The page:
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Development and validation of the singing voice handicap-10

Authors

  • Seth M. Cohen MD, MPH,

    Corresponding author
    1. Duke Voice Care Center, Division of Otolaryngology–Head and Neck Surgery, Duke University Medical Center, Durham, North Carolina, U.S.A.
    • DUMC 3805, Durham, NC 27710
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  • Melissa Statham MD,

    1. University of Pittsburgh Voice Center, Department of Otolaryngology Head and Neck Surgery, University of Pittsburgh Medical Center, Pittsburgh, Pennsylvania, U.S.A.
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  • Clark A. Rosen MD,

    1. University of Pittsburgh Voice Center, Department of Otolaryngology Head and Neck Surgery, University of Pittsburgh Medical Center, Pittsburgh, Pennsylvania, U.S.A.
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  • Thomas Zullo PhD

    1. Department of Dental Public Health, University of Pittsburgh Dental School, Pittsburgh, Pennsylvania, U.S.A.
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  • Presented at the American Laryngological Association 130th Annual Meeting, Phoenix, Arizona, U.S.A., May 28–29, 2009.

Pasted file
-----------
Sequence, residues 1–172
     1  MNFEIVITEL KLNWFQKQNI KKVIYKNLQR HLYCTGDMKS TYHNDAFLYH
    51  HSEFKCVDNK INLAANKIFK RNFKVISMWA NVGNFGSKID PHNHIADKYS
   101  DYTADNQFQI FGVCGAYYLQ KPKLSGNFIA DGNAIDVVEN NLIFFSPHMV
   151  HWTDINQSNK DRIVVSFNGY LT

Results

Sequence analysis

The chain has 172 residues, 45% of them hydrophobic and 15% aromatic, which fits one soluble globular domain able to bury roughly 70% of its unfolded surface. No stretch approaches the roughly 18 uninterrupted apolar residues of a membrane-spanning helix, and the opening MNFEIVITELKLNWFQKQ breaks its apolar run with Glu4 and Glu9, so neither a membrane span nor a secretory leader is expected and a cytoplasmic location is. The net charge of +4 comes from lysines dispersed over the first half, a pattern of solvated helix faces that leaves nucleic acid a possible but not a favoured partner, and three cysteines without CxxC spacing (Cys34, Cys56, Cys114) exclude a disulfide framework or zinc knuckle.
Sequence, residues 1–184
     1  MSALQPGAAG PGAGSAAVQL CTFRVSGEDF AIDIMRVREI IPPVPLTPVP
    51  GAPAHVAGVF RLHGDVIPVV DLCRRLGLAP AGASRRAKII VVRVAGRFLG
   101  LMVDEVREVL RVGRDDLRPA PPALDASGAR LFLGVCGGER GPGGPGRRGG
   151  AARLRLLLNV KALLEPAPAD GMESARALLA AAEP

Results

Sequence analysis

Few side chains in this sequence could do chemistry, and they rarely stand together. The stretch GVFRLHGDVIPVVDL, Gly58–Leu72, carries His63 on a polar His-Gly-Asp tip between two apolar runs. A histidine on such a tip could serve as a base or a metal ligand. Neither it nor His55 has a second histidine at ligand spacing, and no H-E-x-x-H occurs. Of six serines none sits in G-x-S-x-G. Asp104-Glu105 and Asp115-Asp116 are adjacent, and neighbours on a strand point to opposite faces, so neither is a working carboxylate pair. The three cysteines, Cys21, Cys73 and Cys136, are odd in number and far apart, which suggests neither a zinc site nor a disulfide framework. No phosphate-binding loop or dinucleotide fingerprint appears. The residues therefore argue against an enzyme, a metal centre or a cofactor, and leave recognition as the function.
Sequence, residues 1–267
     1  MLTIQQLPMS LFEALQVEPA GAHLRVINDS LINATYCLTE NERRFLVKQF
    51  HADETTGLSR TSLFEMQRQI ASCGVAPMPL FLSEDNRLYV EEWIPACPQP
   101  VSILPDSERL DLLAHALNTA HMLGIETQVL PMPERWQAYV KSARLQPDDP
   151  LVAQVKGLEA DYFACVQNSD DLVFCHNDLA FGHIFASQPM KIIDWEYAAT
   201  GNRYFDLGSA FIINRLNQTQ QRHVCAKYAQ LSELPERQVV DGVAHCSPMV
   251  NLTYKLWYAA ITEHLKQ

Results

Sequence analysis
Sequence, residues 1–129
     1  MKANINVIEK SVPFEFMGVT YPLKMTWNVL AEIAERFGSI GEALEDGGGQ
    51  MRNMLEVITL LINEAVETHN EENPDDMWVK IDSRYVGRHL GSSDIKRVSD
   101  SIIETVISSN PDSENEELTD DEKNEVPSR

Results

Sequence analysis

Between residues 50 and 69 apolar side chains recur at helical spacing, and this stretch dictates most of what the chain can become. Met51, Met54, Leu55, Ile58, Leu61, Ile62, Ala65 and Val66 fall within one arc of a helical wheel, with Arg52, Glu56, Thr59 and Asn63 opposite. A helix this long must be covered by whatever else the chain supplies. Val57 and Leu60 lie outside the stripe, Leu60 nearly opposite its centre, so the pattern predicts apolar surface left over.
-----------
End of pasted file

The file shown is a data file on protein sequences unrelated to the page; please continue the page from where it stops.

Abstract

Objectives/Hypothesis:

To develop a shortened version of the validated health status instrument for singers, the Singing Voice Handicap Index (SVHI).

Study Design:

Prospective item analysis of the SVHI in patients with singing voice problems and creation and validation of an abbreviated SVHI, the SVHI-10.

Methods:

Patients presenting to two tertiary care voice clinics prospectively completed the SVHI. Principal component analysis was performed. Individual item to total correlations were calculated, and individual items were also evaluated for bipolar response patterns. A clinical consensus conference prioritized each individual item. Items were then eliminated, and the internal consistency was evaluated. A second cohort of patients with singing voice problems completed the Voice Handicap Index-10 (VHI-10) and SVHI-10 at two time points. Singers without voice problems also completed the SVHI-10. SVHI-10 scores were compared between the groups, correlations between the SVHI-10 and VHI-10 were performed, and test-retest reliability of the SVHI-10 assessed.

Results:

Singers with voice problems had worse SVHI-10 scores than normal singers (P < .0001, t test). Test-retest reliability was high (Spearman correlation = 0.86, P < .001). Internal consistency of the SVHI-10 demonstrated a Cronbach α of .94, and the correlation between the SVHI-10 and VHI-10 was 0.7 (P < .001, Spearman correlation).

Conclusions:

The SVHI-10 is a valuable instrument to assess self-perceived handicap associated with singing voice problems with reduced patient burden. Laryngoscope, 2009

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